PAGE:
Physicists at the Commerce Department's National Institute of Standards and Technology (NIST) have used the natural oscillations of two different types of charged atoms, or ions, confined together in a single trap, to produce the "ticks" that may power a future atomic clock.
As reported in the July 29 issue of Science, the unusual tandem technique involves use of a single beryllium ion to accurately sense the higher-frequency vibrations of a single aluminum ion. The NIST group used ultraviolet lasers to transfer energy from the aluminum's vibrations to a shared "rocking" motion of the pair of ions, and then detected the magnitude of the vibrations through the beryllium ion. The new technique solves a long-standing problem of how to monitor the properties of an aluminum ion, which cannot be manipulated easily using standard laser techniques.
The tandem approach might be used to make an atomic clock based on optical frequencies, which has the potential to be more accurate than today's microwave-based atomic clocks. It may also allow simplified designs for quantum computers, a potentially very powerful technology using the quantum properties of matter and light to represent 1s and 0s.
"Our experiments show that we can transfer information back and forth efficiently between different kinds of atoms. Now we are applying this technique to develop accurate optical clocks based on single ions," said Till Rosenband of NIST's laboratories in Boulder, Colo.
Today's international time and frequency standards measure naturally occurring oscillations of cesium atoms that fall within the frequency range of microwaves, about 9 billion cycles per second. By contrast, optical frequencies are about 100,000 times higher, or about one quadrillion cycles per second, thus dividing time into smaller units. Aluminum may offer advantages over other atoms, such as mercury, being considered for optical atomic clocks.
Building a clock based on aluminum ions has been impractical until now because this atom fails to meet three of four requirements. It does oscillate between two different energy states at a stable, optical frequency that can be used as a clock reference. However, aluminum cannot be cooled with existing lasers, and its quantum state is difficult to prepare and detect directly. The Science paper describes how beryllium--a staple of NIST research on time and frequency standards as well as quantum computing--can fulfill these three requirements while the aluminum acts as a clock.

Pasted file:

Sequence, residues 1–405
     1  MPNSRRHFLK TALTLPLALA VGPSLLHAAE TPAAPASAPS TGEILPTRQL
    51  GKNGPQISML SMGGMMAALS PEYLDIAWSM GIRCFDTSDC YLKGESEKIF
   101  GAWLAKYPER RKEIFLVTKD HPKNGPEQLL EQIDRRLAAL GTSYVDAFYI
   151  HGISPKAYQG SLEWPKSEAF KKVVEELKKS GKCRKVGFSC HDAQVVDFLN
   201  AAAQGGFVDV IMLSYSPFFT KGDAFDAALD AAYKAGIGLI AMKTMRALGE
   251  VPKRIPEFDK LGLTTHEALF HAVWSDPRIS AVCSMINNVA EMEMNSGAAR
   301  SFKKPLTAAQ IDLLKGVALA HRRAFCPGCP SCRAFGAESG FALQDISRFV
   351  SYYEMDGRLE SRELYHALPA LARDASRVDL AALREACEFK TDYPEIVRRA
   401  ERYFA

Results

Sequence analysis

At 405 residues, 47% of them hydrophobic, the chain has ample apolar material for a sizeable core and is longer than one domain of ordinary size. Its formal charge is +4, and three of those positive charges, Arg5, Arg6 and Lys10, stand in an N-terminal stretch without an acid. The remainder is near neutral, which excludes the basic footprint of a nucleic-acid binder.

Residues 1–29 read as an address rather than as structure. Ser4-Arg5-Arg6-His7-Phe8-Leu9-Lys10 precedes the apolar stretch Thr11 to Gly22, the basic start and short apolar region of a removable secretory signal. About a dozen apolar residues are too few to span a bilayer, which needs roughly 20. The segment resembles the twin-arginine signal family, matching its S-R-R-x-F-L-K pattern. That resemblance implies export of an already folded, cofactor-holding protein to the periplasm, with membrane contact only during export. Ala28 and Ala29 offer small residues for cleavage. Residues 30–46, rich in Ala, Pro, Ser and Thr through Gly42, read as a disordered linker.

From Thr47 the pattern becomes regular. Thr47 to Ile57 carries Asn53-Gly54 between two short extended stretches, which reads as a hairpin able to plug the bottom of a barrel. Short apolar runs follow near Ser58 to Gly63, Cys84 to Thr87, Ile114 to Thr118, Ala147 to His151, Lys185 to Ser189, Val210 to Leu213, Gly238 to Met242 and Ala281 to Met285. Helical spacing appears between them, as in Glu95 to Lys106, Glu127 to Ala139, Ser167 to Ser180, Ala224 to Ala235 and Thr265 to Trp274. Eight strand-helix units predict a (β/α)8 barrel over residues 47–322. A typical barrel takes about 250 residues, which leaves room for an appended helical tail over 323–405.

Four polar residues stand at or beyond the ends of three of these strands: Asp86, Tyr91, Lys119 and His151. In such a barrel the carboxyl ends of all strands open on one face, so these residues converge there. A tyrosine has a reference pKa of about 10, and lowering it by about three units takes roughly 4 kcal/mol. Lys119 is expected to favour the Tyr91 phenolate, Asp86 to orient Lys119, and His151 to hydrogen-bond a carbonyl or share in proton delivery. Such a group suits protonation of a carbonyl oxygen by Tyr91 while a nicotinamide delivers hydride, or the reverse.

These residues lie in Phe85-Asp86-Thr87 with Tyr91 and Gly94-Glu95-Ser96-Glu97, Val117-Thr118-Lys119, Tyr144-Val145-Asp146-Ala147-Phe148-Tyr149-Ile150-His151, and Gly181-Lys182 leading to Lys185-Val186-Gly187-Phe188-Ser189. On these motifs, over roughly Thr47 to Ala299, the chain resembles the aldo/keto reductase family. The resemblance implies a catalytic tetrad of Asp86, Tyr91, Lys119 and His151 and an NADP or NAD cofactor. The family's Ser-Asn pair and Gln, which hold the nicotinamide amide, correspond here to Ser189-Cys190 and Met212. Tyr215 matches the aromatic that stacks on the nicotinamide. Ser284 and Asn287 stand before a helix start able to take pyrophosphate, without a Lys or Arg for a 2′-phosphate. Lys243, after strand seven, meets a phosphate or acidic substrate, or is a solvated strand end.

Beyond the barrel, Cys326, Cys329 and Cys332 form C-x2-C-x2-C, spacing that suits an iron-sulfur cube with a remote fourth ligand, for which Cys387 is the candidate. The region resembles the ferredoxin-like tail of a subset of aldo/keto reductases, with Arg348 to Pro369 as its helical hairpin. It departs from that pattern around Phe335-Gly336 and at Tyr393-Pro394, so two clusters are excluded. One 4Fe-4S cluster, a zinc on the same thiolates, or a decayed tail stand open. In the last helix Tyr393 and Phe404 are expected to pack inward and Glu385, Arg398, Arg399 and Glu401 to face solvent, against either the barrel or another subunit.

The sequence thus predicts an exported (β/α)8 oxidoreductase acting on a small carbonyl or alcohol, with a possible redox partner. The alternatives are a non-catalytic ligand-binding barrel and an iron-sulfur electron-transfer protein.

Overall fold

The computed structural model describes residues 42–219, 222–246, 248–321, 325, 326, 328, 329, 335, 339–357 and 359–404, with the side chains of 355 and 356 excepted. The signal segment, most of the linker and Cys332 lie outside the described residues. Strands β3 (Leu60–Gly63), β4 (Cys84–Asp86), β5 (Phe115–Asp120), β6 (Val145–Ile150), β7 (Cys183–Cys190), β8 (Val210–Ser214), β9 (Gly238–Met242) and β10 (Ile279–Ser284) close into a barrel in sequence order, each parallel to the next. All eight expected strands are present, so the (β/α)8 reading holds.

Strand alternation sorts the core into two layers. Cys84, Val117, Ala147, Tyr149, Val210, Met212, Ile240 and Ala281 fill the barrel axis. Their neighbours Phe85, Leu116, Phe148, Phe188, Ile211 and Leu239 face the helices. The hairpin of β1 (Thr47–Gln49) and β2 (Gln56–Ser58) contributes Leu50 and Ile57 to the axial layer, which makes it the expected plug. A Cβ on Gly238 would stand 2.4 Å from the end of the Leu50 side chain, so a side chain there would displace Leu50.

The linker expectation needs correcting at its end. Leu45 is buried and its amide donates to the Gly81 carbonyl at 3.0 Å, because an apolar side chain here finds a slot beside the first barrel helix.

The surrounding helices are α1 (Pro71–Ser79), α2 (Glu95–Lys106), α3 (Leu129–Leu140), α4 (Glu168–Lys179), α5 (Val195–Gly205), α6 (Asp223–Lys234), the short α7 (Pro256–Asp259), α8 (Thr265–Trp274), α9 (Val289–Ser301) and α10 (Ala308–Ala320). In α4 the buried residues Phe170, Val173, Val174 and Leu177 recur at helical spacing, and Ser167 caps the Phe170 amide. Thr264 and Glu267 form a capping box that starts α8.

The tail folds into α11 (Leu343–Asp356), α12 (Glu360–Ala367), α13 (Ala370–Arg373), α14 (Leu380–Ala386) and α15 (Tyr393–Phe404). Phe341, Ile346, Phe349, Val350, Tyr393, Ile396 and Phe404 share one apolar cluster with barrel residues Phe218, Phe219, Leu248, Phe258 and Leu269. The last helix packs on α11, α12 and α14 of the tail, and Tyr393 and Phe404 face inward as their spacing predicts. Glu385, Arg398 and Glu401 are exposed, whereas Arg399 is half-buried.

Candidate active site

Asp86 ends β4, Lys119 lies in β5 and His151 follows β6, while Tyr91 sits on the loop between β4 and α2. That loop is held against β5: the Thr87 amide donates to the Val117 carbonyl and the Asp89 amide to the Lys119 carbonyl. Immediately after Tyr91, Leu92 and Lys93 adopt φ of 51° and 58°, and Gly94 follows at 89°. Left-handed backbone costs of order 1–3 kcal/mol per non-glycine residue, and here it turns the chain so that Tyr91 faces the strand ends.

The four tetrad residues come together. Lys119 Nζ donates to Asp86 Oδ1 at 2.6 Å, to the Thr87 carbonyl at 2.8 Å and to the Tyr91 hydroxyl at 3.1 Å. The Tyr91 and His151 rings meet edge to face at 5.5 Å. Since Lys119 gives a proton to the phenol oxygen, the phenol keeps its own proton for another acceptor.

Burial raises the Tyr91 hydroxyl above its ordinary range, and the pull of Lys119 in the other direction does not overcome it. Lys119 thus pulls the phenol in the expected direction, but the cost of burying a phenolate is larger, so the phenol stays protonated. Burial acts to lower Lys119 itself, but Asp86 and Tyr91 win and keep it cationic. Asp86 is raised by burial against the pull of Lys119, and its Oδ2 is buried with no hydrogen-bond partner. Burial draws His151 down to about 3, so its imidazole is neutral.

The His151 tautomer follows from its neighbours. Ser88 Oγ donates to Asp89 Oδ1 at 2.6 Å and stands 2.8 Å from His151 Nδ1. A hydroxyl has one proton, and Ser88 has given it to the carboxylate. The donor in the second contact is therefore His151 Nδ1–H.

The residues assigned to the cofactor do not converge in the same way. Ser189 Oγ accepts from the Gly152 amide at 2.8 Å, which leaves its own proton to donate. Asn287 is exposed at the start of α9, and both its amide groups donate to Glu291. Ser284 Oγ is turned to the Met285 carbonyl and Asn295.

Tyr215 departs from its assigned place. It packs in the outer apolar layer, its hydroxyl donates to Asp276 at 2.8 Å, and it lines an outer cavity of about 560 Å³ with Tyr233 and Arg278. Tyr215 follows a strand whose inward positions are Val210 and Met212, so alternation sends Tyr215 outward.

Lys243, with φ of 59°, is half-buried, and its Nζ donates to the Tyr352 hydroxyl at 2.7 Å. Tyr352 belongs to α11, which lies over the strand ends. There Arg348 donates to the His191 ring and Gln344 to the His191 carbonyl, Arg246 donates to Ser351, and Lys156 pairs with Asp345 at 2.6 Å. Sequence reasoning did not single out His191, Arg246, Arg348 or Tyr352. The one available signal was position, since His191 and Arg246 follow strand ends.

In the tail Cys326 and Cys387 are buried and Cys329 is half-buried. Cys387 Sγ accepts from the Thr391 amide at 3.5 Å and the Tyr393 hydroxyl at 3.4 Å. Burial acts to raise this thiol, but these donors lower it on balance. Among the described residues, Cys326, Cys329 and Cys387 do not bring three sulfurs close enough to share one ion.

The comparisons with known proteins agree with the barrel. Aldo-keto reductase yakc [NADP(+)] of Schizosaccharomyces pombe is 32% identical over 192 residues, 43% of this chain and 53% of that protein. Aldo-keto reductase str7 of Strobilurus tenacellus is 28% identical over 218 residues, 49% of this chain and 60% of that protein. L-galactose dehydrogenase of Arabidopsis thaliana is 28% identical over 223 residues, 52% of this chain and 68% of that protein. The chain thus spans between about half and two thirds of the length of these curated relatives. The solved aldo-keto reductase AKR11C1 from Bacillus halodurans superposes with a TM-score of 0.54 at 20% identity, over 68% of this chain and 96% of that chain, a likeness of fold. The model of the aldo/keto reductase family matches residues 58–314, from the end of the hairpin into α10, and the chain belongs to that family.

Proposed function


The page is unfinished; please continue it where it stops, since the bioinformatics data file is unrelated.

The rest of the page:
In the NIST experiments, the two ions were confined close together in an electromagnetic trap. The beryllium ion was laser cooled and slowed to almost absolute zero temperature, which helped to cool the adjacent aluminum ion. Then the scientists used a different laser to place the aluminum ion in a special quantum state called a "superposition," in which, due to the unusual rules of quantum physics, the ion is in both of its clock-related energy levels at once. More laser pulses were used to convert this clock state into a rocking motion, which--because of the physical proximity of the two ions and the interaction of their electrical charges--was shared by the beryllium ion. As the two ions rocked together in a coordinated fashion, scientists applied two additional laser beams to convert this motion into a change in energy level of the beryllium ion, which was then detected.
When the information is transferred between the two ions, they are briefly "entangled," another unusual phenomenon of quantum physics in which the properties of physically distinct particles are correlated. A logic operation borrowed from quantum computing was used to transfer the aluminum's quantum state to the beryllium. Logic operations are similar to "if/then" statements in which the outcome depends on the initial state. For instance, if the aluminum's original state was at the lowest energy level, then no information was transferred. But if the original state was at a higher level, then energy was transferred to the beryllium in a proportional amount.
By repeating the experiment many times, with different laser frequencies creating a variety of superposition states in the aluminum, scientists could determine its "resonant" or characteristic frequency extremely accurately. This is the frequency of an internal vibration of the aluminum atom, which can be used as the "ticks" of an atomic clock.
The tandem technique could be used to investigate the potential of various atoms, such as boron and helium, for use in optical atomic clocks, according to the paper. The technique also could be used in quantum computing experiments to distribute information between different types of ions or atoms. Because different atoms respond to different frequencies of light, this could improve control of ions or atoms within a potential future quantum computer. Information about NIST research in this field is available at http://qubit.nist.gov.
The work described in Science was supported in part by the Office of Naval Research and the Advanced Research and Development Activity/National Security Agency.